It’s no secret that the United States is one of the few countries in the world to have used chemical and biological weapons. But it’s still surprising to watch this newly declassified video, which talks at length about the Navy’s development and testing of biological and chemical weapons, including two large-scale tests on the California and Carolina coasts. The 1952 video, called “Naval Concepts of Chemical and Biological Warfare,” appears to be a training video produced by the US Naval Photographic Center. It details at length “offensive biological and chemical warfare” tactics and capabilities of the Navy, and features footage from two specific tests carried out with non-pathogenic agents in the United States. The video’s narrator does not say what specific chemicals were used in the tests but notes that they are stand-ins for biological weapons.
Guys Retire to Hang With Their Wives. And the Wives? [Suzanne Woolley on Bloomberg News] (10/27/15)
About 60 percent of men cite spending more time with their wives as one of the strongest motivations to retire, according to a new survey based on more than 12,000 defined-contribution plan participants 55 or older. Just 43 percent of women say the same. The research, from Fidelity Investments and Stanford University’s Center on Longevity, is based on 401(k) savers and recent retirees in plans for which Fidelity is the record-keeper…A large chunk of pre-retirees under the age of 60 cite spending time with a spouse or partner as a big reason they want to retire. The older people get, though, the less likely they are to cite this as an incentive…The more money pre-retirees have saved, the likelier they are to want to retire to spend time with their spouse or partner. For women, the data suggest, grandchildren are the big pull. In the survey, 70 percent cited spending more time with their grandkids as one of the strongest incentives to retire. A working paper (PDF) out of the National Bureau of Economic Research, summed up in an article on the Harvard Business Review‘s website,1 found that the arrival of a new grandchild increases by more than 8 percent the probability that a woman approaching retirement age will indeed retire, all other things being equal.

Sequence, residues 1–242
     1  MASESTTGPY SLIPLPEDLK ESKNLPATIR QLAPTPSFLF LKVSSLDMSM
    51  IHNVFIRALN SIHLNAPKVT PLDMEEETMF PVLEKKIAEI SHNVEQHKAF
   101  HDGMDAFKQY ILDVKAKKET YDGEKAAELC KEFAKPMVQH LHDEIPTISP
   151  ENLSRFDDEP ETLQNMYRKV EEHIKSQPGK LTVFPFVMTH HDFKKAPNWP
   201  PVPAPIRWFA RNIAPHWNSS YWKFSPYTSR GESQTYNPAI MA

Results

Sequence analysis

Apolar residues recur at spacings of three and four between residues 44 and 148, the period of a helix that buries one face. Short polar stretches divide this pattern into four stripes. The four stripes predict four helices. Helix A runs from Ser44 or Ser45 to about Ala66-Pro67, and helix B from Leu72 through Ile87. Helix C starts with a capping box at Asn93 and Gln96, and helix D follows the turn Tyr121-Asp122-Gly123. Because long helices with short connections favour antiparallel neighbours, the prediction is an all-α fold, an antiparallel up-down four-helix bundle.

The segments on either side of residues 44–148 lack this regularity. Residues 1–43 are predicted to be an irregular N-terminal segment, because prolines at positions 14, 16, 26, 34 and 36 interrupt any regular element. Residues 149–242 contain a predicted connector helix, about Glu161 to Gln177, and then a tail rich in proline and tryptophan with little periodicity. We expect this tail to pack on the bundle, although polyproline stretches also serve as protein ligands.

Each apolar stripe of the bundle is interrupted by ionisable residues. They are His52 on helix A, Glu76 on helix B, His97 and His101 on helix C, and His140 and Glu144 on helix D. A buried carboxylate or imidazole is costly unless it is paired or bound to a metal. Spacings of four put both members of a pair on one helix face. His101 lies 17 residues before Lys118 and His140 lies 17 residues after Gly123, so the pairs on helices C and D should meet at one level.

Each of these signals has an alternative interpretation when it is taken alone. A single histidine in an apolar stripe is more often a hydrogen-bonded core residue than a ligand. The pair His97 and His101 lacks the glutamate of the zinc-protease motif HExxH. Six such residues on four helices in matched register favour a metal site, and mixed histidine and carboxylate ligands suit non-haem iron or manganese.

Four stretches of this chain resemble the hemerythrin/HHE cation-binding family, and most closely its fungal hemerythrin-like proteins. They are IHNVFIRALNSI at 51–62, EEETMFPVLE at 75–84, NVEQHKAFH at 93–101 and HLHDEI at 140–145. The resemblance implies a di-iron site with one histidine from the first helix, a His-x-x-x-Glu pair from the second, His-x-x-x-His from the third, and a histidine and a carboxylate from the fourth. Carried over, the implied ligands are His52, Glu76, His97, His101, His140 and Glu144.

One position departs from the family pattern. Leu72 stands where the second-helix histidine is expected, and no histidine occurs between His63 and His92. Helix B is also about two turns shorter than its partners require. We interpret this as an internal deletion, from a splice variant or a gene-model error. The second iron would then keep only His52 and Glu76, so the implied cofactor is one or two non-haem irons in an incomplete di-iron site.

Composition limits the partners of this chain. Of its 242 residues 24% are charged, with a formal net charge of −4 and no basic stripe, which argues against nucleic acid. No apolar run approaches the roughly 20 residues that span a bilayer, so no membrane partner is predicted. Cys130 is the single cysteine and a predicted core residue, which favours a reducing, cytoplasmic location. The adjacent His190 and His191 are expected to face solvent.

Policing Free Speech at the University of Missouri [Noah Feldman via Bloomberg View] (11/11/15)
The legal issues follow from those I wrote about in March when the University of Oklahoma expelled two fraternity members for leading a racist chant. On the one hand is the First Amendment, which guarantees free speech against state actors like a public university. On the other hand are federal laws that, as interpreted by the Department of Education, require the university to ensure it isn’t a racially or sexually hostile educational environment. In practice, that certainly requires regulating some harassing, discriminatory speech. Reconciling the tension between these laws isn’t easy. The prevailing theory that allows the government to outlaw discriminatory speech acts is that the government isn’t actually prohibiting speech. It’s prohibiting a course of conduct, namely discrimination. Discrimination can be accomplished by a range of means, one of which is speech. There’s not much case law to clarify the right way for courts to think about this analysis.
The Way We’re Testing Antibiotics Is All Wrong [John Tozzi on Bloomberg News] (10/13/15)
For 50 years, hospitals have used a single test to decide how to treat the most stubborn infections. But according to a growing body of research, that test is now wrong more often than we’d thought. All because of the rise of antibiotic-resistant bacteria that behave one way in lab tests and another way in the human body. The findings have huge implications for how doctors fight the growing problem of so-called superbugs, which can’t be easily treated with antibiotics. The bacteria infect 2 million people each year in the U.S. alone, and kill 23,000, according to the Centers for Disease Control.
Wrongly Convicted Prisoners’ Freedom on Hold Because of Illinois’ Budget Fight [Lolly Bowean on Chicago Tribune] (10/13/15)